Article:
I agree fully with David, that you should work back generation by generation, if there is the sslightest hope of making any accurate connections.
Even if you find that someone has already traced the particular line, you should cross-check by following through.
The name CLARK originated as an occupational or possibly more accurately as an "ability", ie it was a person able to read and write - and as the early ones usually belonged to a religious order, it is a modified form of "cleric" etc.
Thus it could arise in a widespread manner anywhere almost.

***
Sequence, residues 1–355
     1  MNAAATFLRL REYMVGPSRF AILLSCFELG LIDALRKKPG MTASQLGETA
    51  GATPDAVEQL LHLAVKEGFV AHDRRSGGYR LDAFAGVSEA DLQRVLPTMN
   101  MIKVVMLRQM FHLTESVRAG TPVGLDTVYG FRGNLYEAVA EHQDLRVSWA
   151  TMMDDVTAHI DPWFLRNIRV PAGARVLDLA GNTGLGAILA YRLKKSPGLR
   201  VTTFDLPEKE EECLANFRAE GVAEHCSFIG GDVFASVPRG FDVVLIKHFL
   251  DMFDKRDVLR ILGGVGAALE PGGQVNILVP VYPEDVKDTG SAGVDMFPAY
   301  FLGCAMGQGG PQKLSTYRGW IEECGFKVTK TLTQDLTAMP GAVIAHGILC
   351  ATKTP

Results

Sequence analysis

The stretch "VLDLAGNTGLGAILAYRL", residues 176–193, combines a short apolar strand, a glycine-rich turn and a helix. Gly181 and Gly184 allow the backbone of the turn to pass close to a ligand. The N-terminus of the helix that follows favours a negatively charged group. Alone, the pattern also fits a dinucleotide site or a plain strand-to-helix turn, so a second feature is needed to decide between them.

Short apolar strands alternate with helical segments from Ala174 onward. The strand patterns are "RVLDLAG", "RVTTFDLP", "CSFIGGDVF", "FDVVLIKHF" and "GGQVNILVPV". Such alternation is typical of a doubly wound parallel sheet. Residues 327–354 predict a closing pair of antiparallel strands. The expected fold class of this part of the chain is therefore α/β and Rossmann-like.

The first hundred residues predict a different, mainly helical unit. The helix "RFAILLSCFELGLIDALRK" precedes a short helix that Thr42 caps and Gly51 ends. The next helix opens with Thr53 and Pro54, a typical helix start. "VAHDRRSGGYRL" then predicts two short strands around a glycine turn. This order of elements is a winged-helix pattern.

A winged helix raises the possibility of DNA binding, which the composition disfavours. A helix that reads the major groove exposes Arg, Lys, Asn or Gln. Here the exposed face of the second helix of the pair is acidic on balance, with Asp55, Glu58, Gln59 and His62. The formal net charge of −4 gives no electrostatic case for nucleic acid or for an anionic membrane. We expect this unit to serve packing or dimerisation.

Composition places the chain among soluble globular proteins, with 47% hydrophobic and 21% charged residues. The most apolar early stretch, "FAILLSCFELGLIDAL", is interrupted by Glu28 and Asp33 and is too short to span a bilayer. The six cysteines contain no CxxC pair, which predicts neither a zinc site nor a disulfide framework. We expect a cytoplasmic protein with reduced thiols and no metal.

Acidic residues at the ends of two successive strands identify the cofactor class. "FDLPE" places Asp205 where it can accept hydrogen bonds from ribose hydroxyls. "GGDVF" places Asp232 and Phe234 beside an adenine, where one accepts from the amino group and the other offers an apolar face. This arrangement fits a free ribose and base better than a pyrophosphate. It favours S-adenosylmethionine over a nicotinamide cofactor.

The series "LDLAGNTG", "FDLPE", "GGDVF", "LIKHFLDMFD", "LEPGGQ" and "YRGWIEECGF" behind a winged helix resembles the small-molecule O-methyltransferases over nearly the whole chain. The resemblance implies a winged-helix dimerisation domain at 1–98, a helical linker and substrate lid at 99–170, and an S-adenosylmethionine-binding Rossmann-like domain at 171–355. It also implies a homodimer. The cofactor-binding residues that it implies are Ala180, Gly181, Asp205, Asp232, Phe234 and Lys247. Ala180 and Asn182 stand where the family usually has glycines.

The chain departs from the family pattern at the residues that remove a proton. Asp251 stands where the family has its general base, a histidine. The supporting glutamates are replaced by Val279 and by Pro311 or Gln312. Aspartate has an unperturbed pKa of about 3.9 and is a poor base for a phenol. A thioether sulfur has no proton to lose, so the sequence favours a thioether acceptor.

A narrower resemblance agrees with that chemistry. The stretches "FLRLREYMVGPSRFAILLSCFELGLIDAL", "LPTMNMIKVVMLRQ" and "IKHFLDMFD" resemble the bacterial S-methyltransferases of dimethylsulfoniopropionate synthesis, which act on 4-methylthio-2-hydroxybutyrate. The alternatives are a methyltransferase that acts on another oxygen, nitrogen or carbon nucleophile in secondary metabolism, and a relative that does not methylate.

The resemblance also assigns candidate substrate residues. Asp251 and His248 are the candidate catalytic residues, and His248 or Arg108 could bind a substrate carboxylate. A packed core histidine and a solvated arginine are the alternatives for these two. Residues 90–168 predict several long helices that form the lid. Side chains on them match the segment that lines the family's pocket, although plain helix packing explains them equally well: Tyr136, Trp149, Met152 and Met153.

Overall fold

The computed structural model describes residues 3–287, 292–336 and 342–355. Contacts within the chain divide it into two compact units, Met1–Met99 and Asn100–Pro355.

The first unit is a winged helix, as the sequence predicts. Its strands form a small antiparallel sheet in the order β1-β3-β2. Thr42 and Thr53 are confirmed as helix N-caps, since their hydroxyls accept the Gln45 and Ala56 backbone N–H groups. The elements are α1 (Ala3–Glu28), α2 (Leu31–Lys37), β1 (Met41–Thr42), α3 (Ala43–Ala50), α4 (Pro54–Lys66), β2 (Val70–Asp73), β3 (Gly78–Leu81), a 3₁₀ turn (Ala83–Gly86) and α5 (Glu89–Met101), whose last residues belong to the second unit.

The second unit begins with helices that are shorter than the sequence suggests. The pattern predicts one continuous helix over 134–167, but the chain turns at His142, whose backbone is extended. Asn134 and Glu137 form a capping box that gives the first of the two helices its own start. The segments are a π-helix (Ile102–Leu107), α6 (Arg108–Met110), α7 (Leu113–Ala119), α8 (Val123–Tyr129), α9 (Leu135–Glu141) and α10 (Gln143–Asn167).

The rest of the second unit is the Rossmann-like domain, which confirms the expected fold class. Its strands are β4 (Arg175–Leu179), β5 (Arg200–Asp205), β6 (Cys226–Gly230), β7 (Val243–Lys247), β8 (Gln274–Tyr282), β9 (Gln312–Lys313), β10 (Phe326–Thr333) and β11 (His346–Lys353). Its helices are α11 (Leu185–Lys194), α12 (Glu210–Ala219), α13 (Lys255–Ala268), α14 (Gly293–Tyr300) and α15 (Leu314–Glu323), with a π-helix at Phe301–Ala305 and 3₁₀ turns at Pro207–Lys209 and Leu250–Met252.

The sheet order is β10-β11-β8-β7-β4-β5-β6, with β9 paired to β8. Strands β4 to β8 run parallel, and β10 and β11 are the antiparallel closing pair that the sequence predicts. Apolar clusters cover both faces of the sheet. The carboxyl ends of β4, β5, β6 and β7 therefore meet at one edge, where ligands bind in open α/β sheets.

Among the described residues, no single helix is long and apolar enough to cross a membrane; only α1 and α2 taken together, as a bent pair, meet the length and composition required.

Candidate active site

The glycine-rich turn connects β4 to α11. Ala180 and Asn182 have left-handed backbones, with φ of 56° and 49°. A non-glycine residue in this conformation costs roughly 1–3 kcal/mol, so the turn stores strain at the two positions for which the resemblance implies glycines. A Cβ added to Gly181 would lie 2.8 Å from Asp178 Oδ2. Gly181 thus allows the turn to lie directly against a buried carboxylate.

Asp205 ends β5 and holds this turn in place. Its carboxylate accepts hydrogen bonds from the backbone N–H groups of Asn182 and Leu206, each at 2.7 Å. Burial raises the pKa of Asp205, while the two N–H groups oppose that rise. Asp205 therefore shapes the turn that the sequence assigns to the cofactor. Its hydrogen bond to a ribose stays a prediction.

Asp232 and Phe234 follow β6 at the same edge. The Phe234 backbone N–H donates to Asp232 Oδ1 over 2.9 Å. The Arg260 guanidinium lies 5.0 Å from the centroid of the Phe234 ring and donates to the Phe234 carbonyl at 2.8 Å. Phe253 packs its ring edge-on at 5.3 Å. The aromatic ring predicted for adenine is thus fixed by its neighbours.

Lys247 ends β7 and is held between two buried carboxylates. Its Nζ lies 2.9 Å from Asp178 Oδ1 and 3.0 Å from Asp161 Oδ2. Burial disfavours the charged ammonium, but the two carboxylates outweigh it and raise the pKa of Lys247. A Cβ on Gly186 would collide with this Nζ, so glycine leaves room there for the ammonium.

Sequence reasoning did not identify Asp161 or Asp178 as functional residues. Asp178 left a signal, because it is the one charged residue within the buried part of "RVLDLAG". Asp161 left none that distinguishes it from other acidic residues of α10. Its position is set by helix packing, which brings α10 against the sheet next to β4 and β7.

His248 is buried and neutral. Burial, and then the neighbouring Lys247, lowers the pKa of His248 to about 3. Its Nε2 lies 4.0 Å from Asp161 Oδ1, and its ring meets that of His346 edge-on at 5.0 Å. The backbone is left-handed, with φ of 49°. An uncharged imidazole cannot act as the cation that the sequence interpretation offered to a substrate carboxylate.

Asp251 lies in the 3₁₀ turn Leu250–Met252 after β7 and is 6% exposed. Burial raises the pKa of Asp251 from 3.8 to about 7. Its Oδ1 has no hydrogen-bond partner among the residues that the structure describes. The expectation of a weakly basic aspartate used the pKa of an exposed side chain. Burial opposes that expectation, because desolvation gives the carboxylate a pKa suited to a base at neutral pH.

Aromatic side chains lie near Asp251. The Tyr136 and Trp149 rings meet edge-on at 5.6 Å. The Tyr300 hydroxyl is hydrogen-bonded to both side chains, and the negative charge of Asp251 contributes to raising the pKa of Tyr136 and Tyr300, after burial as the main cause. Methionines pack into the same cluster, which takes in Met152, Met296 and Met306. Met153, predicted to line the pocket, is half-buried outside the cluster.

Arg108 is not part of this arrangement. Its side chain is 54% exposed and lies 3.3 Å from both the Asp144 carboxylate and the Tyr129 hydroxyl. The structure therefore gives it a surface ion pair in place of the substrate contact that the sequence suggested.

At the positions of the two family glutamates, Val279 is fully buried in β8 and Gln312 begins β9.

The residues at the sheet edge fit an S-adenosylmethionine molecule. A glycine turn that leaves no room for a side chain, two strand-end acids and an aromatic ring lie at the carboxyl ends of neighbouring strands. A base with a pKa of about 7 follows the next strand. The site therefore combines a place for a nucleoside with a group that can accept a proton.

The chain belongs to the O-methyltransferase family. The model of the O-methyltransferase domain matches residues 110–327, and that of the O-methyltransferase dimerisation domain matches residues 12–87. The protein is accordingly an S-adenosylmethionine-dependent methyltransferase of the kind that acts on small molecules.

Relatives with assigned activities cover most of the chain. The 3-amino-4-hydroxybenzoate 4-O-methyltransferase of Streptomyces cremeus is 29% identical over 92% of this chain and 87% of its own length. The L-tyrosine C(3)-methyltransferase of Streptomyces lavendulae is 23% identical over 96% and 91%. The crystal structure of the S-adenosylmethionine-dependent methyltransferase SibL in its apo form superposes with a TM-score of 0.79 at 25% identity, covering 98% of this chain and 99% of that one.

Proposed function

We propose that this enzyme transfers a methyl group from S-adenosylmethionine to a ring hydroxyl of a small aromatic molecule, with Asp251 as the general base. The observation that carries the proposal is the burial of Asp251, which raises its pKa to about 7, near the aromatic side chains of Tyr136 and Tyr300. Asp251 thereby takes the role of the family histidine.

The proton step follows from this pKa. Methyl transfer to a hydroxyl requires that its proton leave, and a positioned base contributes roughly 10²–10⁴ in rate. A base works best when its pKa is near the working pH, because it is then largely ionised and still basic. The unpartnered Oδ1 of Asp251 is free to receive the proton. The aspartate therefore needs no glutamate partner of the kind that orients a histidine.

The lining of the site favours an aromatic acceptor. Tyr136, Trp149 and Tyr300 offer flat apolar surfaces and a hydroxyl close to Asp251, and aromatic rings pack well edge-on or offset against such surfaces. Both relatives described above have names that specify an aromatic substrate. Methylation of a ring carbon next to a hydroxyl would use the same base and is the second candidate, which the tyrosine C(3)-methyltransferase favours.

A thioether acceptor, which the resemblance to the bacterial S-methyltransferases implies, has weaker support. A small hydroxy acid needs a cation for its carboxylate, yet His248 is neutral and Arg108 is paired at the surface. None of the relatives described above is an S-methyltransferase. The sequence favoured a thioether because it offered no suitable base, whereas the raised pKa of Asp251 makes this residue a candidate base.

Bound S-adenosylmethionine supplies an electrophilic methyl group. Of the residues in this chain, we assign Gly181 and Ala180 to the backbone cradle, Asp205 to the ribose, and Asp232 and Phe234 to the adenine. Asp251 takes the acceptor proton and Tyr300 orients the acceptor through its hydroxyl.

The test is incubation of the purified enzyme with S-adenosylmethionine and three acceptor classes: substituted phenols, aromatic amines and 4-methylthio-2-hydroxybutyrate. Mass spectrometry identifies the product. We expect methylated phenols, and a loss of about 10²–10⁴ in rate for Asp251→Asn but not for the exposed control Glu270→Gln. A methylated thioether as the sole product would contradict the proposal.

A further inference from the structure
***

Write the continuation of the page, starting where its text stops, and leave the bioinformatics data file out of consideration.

An alternative name for someone with those skills is SCRIVENER, more directly meaning reading and writing clearly descibed as being a "scribe".
In the 1881 UK Census, CLARK is widespread in Scotland, down the east coast of England, with a concentration around Chelmsfor in Essex.
For comparison, SCRIVENER is mainly to the north east of London and much less widespread.
ALEXANDER is such an ancient name, used over large areas of Europe, that it is more difficult to summarise it.
Again in the 1881 UK Census, the last/surname use is concentrated in Scotland, with small amounts to west and south-west of London; and also a very small amount in East Anglia.